) -- New orders for durable goods grew at an anemic rate in July, according to a government report released Wednesday, as demand for items like computers and machinery dropped sharply during the month.
The Commerce Department said durable orders -- or those enduring, long-lasting, manufactured goods -- rose by a seasonally adjusted 0.3%, or about $600 million, last month to reach $193 billion. But that effort disappointed analysts and economists, who were looking for orders to grow by 3%, according to consensus projections provided by
The tepid growth, however, was better than the order drops in June and May of 0.1% and 0.7%, respectively.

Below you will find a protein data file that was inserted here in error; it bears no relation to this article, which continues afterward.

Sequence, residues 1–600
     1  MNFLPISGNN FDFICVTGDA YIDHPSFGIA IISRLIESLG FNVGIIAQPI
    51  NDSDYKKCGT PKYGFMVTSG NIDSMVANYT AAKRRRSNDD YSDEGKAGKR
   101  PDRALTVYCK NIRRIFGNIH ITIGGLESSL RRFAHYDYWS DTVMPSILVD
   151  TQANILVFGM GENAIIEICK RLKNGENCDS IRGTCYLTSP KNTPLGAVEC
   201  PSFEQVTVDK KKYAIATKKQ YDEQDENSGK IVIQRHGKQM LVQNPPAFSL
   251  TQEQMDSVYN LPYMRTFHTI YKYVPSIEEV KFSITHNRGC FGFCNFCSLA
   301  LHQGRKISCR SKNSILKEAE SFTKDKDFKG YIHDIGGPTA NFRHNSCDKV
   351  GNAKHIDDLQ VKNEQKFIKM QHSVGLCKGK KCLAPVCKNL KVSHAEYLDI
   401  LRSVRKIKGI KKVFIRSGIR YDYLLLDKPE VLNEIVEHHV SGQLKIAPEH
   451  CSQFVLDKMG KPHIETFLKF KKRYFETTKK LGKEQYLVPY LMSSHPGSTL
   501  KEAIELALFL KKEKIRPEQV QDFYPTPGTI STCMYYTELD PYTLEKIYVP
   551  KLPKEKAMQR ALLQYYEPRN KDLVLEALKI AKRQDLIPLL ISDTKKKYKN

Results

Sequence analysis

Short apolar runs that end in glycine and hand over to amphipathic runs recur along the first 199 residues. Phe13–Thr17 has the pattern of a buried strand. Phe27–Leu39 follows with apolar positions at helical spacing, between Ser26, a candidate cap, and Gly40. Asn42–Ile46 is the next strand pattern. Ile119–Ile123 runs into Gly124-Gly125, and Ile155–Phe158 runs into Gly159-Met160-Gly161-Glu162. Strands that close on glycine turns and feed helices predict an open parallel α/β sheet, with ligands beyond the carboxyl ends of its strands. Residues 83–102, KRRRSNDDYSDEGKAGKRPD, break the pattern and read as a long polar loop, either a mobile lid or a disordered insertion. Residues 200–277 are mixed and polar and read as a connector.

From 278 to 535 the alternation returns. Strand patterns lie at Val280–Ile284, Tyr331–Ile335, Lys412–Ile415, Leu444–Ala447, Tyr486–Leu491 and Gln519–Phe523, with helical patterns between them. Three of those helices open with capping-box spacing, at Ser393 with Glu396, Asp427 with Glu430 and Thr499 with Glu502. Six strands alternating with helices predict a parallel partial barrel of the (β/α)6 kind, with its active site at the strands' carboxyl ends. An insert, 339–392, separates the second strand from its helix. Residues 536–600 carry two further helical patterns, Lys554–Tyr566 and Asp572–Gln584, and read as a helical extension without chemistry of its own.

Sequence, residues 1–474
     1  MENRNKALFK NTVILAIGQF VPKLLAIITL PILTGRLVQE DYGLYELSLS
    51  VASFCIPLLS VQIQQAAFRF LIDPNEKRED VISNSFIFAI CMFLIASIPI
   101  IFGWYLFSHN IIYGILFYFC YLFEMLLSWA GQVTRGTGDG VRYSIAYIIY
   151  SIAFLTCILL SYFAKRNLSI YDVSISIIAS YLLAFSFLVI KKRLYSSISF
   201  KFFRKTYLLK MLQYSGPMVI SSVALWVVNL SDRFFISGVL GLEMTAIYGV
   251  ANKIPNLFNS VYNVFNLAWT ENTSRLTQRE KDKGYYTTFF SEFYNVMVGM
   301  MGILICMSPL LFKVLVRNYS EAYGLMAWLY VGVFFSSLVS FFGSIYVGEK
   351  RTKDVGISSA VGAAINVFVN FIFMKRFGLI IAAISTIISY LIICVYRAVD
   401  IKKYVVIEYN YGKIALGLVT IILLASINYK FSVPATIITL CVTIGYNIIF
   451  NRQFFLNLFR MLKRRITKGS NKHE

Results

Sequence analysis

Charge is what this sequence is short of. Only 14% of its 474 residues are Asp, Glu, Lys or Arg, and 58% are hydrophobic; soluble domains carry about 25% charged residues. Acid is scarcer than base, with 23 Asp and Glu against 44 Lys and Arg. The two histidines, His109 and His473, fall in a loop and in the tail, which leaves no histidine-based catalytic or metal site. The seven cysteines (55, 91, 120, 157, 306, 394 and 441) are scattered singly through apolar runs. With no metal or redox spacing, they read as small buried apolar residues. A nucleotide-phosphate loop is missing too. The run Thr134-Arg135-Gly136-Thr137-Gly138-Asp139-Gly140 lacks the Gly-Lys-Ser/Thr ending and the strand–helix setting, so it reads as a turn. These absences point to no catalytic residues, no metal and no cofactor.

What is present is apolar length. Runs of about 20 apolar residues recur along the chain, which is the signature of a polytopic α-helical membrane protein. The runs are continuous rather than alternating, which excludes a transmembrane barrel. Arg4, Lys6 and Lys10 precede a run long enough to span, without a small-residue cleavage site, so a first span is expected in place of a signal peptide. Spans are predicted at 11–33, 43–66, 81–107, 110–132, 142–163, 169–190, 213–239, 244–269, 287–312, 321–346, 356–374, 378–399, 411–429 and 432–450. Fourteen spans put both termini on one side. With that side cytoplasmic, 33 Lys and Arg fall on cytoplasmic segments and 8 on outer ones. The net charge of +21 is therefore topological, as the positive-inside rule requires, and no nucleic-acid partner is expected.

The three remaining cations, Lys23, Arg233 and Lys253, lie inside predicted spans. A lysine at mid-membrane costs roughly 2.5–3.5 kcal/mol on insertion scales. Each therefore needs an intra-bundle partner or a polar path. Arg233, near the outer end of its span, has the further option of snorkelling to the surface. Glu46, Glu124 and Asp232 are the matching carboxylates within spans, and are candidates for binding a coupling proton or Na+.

But after discounting demand for transportation items, new orders actually fell by 3.8% during the month, which was far worse than the modest 0.5% uptick expected by most.
Transportation orders rose by 13.1% in July, led primarily by a surge in demand for commercial aircraft and parts. But machinery items slipped 15% and computer orders slumped 12.7% last month.
Demand for nondefense capital goods excluding aircraft, a measure that many use as an indicator of general business spending, slipped by 8%.
The government also said shipments increased by 2.2% last month.
Stocks began the Wednesday session in negative territory, with the
Dow Jones Industrial Average
down 30 points, or 0.3%, at 10,010 and the
losing 5 points, or 0.5%, at 1047 soon after the opening bell.
--Written by Sung Moss in New York.
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